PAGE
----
Five things Rolling Stone taught us about Lena Dunham
Lena Dunham is so hot right now. Every magazine, news outlet and marijuana-emblazoned tumblr is irrevocably addicted to chronicling the on-screen dud/ off-screen entertainment aficionado’s every move.
Dunham’s “voice of a generation” TV series Girls is likely the most discussed HBO programming injection since Sex and the City, and has been criticized/ celebrated for its complex/ marginal depiction of the twenty-something experience. Of course, the afore sentence has become clichéd entertainment jargon for anyone who has (not even avidly) been following Dunham’s succession of greats – book deals, awards, Twiggy-inspired shoots and even slamming the Chris Brown/ Rihanna saga, to name a few. The perpetual spotlight on Dunham’s career – rather than her personal life – has come to augment Dunham as a public persona who is simultaenously goofy/ fun/ smart/ successful, all while maintaining that signature ‘keep it real’ persona.
Rolling Stone, of course, have not been blind to her ostensible Midas touch, and have thus shot Hollywood’s latest wunderkind for their latest cover. Donned in a brand-free white singlet, lacey bra, and an is-it-sexy-or-ironic-or-both tongue out, the Brian Hiatt-penned profile is both revelatory and predictable because it paints Dunham as, well, somewhat normal. Here are five insights from the article that have so far surfaced online.
5. Lena is kind of a self-hating Jew: “I know this is not something that I'm supposed to say given the criticisms I've received, but when, like, black people convert to Judaism, it slays me. 'Cause why would you ever choose to be Jewish? I would not be Jewish if I had not been born Jewish. I can't get away from it now.”
4. Lena suffers from OCD: She was on “massive doses” of antidepressents throughout her teenage years. Still, she occasionally takes Lexapro and has a stash of Klonopin on tap. Also, she went through a phase when she obsessed over the number eight. (There is definitely numerological significane to that.)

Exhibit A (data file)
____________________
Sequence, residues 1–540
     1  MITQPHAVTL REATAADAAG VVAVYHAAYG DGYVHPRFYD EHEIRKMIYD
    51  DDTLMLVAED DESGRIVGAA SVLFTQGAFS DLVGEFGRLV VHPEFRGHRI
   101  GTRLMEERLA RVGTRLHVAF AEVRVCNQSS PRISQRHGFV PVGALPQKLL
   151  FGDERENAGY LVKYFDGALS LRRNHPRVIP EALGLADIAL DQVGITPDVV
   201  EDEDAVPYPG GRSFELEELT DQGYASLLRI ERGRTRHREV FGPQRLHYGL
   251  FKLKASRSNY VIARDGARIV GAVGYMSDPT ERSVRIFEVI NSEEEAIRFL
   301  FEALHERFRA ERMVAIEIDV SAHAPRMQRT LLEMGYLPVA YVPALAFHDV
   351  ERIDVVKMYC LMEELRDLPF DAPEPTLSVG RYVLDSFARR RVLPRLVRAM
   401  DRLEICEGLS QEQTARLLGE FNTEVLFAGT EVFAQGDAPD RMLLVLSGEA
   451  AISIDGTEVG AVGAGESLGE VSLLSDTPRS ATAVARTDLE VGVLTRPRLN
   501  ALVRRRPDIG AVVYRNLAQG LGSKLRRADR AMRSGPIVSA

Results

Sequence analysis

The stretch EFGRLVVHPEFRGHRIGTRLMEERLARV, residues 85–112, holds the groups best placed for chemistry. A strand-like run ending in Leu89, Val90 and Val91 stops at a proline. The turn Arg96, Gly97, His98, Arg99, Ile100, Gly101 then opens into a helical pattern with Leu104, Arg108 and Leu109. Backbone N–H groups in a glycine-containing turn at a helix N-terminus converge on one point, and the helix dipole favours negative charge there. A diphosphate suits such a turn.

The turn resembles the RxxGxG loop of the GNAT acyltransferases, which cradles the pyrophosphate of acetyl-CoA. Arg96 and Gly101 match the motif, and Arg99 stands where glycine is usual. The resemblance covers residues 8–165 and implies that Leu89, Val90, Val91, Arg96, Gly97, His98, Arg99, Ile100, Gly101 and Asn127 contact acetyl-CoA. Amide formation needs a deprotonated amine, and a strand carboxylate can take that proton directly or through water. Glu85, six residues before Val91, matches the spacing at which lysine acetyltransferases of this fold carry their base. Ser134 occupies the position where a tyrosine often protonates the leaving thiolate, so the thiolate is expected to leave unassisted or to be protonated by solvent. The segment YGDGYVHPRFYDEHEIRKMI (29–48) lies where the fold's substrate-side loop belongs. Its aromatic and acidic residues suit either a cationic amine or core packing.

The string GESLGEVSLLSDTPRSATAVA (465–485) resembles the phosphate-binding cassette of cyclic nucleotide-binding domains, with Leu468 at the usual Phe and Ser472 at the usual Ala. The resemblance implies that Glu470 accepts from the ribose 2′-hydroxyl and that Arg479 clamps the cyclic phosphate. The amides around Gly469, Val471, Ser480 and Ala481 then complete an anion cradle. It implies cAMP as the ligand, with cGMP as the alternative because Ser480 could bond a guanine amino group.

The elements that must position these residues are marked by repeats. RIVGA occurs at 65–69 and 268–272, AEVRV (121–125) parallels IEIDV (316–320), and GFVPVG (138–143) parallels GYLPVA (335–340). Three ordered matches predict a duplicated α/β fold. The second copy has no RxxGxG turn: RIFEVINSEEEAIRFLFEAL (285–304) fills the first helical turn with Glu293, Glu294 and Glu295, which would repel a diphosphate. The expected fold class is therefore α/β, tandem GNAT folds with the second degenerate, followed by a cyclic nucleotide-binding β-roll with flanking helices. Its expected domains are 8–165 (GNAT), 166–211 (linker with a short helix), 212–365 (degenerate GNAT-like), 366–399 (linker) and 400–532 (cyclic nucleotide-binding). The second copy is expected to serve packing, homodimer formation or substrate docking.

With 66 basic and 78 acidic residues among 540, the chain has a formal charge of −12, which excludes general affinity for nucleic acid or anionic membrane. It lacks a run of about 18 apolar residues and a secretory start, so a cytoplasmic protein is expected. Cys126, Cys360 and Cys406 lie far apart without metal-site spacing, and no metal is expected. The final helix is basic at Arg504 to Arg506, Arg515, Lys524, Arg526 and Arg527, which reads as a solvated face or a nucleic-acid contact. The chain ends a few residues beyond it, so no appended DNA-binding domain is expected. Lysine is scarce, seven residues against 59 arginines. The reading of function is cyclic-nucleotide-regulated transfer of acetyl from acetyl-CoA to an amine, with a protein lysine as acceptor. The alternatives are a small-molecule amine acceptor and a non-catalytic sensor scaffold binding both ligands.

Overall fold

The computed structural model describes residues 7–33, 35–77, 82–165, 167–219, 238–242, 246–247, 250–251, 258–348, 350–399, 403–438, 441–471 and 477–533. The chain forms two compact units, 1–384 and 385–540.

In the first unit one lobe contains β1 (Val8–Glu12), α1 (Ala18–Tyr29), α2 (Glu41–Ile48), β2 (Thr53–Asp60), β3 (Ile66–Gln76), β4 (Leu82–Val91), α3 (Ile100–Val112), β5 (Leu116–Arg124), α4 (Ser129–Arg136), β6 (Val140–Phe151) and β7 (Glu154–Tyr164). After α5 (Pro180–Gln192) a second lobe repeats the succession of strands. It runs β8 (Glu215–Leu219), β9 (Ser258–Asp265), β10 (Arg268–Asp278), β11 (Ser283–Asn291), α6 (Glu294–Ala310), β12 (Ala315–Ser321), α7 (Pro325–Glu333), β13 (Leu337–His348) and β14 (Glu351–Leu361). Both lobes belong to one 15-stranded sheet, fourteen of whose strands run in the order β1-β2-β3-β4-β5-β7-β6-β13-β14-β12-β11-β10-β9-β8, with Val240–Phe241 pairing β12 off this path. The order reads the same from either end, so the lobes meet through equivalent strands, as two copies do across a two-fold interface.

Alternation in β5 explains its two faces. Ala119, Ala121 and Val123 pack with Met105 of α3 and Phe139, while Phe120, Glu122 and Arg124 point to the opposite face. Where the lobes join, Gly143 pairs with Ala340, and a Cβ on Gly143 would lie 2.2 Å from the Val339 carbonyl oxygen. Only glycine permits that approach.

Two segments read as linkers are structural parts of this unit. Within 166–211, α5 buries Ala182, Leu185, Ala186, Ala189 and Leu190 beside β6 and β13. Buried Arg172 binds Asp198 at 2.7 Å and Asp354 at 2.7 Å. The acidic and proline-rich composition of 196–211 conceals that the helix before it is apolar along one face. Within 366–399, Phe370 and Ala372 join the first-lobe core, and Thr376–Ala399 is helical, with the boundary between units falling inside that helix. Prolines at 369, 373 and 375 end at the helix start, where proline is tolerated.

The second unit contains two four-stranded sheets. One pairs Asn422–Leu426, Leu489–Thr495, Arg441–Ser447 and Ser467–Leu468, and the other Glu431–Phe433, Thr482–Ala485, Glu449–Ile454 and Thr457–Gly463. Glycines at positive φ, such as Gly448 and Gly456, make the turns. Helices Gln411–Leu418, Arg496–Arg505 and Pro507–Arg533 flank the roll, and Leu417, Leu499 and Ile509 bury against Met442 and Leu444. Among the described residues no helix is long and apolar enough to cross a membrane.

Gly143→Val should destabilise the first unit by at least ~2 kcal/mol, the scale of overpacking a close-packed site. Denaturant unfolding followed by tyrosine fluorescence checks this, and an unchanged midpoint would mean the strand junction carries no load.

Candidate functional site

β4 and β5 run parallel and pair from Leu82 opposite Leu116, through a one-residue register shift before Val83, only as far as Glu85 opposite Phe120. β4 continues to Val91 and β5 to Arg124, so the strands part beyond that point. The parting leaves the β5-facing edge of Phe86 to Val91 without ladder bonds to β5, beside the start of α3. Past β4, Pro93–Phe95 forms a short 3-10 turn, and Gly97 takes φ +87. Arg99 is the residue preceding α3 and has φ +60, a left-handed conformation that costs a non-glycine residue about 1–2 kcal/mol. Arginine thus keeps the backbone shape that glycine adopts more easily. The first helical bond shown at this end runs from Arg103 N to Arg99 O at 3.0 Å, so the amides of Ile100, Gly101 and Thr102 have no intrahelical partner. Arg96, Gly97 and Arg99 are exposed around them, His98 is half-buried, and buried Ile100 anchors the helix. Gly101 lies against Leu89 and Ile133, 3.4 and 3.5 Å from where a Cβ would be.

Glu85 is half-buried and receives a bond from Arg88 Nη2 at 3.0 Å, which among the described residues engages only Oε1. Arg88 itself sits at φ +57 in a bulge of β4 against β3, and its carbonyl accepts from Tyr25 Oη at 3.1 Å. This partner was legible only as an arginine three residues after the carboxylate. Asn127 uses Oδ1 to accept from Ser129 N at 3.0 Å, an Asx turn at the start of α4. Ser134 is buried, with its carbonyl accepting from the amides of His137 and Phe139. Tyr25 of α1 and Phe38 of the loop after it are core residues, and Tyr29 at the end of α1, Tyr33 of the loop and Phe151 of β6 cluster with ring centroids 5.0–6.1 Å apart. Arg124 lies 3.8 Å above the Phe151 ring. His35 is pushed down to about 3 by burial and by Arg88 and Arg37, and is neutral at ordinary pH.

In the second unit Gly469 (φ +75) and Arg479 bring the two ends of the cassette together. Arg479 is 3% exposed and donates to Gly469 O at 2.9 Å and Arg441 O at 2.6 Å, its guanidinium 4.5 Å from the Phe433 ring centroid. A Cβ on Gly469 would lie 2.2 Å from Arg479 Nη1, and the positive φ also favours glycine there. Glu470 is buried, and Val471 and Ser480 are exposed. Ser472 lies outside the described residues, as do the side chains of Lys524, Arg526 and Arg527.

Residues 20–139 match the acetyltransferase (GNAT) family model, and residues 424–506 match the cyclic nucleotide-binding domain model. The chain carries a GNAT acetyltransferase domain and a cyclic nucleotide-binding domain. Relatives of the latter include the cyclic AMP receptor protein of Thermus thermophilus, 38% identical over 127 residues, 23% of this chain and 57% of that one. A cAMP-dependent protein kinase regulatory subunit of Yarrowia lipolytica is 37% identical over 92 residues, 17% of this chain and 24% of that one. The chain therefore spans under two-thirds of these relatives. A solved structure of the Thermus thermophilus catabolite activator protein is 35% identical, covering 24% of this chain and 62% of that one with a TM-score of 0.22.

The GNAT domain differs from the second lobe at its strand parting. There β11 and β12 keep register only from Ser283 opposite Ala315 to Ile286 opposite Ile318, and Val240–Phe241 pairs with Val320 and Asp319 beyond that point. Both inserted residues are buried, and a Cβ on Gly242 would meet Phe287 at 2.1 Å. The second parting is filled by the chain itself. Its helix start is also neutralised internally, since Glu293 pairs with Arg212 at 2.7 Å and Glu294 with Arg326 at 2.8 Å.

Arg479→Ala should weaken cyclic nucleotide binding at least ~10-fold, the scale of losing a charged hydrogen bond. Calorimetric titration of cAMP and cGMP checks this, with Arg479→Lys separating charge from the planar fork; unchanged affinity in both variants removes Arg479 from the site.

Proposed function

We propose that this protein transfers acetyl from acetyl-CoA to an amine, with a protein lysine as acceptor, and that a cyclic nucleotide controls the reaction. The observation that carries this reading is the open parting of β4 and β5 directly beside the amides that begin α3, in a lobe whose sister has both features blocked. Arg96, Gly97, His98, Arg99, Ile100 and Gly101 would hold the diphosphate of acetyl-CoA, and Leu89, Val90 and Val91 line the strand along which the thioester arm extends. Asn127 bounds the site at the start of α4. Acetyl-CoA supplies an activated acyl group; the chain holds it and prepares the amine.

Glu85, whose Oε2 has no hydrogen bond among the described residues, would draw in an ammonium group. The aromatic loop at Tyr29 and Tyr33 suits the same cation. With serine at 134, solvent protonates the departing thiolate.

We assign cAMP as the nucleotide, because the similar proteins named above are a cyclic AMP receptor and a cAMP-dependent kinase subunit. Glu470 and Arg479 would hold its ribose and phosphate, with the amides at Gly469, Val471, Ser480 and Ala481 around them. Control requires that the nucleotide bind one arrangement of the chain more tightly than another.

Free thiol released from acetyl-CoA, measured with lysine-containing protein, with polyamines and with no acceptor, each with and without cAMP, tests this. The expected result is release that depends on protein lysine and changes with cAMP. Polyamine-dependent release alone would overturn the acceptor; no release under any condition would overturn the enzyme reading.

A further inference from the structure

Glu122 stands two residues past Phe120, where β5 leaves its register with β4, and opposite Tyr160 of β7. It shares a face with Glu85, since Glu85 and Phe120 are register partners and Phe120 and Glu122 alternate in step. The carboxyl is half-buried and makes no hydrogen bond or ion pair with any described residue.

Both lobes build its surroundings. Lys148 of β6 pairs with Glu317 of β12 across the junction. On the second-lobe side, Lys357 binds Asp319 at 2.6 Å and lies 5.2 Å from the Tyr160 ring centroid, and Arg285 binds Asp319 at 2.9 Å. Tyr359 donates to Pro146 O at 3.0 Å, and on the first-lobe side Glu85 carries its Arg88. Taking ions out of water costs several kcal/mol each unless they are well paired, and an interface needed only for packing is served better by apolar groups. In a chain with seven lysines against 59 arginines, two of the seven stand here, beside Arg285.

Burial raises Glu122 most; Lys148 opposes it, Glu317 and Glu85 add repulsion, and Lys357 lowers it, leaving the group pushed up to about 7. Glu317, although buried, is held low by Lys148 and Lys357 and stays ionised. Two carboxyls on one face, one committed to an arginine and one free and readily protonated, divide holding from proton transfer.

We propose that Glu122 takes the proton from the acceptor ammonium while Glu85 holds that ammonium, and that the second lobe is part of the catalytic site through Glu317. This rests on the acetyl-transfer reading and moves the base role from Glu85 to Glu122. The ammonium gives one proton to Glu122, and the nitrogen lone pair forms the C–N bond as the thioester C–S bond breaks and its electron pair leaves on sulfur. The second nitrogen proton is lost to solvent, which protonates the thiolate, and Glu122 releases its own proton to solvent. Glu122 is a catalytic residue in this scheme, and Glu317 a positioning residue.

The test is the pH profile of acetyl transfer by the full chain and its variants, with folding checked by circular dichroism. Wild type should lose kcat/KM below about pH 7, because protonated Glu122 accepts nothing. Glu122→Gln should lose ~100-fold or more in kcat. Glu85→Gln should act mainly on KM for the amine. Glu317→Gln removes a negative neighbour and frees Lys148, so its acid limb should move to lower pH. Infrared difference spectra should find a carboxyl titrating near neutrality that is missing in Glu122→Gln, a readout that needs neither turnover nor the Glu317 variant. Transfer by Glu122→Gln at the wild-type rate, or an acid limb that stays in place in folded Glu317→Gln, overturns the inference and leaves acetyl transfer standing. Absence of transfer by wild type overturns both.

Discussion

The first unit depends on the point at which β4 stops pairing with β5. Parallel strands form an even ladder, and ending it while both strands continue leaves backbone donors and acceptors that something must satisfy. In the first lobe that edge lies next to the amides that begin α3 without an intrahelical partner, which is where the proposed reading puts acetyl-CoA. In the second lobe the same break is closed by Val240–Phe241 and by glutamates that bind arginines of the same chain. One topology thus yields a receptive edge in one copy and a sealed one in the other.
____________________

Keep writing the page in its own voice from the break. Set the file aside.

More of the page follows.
3. In the height of her OCD, Lena told her mother she had sexual fantasies about her: “In the throes of her number-eight obsession, Dunham put that ethos to the test. "I remember saying to my mom when I was little, 'I just had to imagine having sex with you eight times,'" she says, "and she really took it in stride! She was like, 'Well, it's your imagination; it didn't really happen.’”
2. Lena is something of a teetotaller: Dunham generally abstains from alchol, isn’t patial to getting high and has “been known to undergo intravenous vitamin drips.”
1. She gets anxious, and is thus really the voice of her generation: “Some of my anxieties might be solved by a better awareness of what's actually befalling this planet and what makes everything run and what's come before us," she says. "But it overwhelms me too much. It makes me want to take a nap." She takes a breath. "And in that respect, I really relate to people in my generation.”